BYResearchers from around the world reported findings of flatworms in the new areas, after which they sent photographs and DNA samples to Justine in Paris for his confirmation.
The flatworm (Platydemus manokwari) has few natural predators outside of New Guinea, and it likely will have no predators in the United States, Justine says. It gobbles up soil-dwelling invertebrates like snails, which could have a big impact on the environment.
“It will not make differences between abundant common species and rare endemic snails,” Justine says. “In that, it is a significant potential threat to all [native] snail species.” This could ripple up the food chain to affect creatures that eat snails, like birds. It could have impacts in the other direction of the food chain as well: The plants that snails eat, like certain weeds, might spread and become overgrown.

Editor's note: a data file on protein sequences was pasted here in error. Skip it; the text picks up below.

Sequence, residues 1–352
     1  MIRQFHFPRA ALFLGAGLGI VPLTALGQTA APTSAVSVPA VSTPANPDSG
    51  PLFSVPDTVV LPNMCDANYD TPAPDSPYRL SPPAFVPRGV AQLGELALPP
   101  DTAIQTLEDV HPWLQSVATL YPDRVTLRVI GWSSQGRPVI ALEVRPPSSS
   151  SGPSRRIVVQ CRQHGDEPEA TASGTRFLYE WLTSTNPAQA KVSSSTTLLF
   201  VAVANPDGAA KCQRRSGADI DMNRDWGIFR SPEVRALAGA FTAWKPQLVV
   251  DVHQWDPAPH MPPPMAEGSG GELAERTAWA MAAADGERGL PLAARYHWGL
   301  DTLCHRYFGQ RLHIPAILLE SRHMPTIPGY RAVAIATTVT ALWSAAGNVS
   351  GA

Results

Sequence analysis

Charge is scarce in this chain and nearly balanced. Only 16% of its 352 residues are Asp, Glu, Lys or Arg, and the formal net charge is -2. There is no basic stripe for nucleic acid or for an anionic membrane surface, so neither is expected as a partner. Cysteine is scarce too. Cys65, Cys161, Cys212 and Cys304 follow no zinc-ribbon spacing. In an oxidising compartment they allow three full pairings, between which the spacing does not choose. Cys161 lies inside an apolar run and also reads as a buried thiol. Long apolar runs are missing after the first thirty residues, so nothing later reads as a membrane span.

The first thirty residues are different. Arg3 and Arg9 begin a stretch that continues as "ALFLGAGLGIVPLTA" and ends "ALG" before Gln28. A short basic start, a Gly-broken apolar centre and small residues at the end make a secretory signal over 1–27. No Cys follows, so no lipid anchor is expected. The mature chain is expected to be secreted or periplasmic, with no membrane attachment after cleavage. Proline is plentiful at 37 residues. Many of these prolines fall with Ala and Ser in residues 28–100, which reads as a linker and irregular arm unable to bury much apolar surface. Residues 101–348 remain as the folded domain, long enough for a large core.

Looking like a cross between a slimy slug and a flattened snake, the New Guinea flatworm has a renowned hunger for snails and the ability to live in just about any environment. In the past few decades, it has spread out of its native New Guinea to islands throughout the Pacific and as far away as France. It has now been discovered in mainland United States, in several gardens in Miami.
A study published Tuesday in the journal PeerJ shows that the odious worm has also made its way to Puerto Rico, Singapore, several New Caledonian islands and the Solomon Islands.
That’s a major concern, as it is considered one of the world’s worst invasive species, says study author Jean-Lou Justine, a researcher at the National Museum of Natural History in Paris. (In fact, the Invasive Species Specialist Group, a global network of scientific and policy experts, has placed the worm on their 100 worst invasive species list.)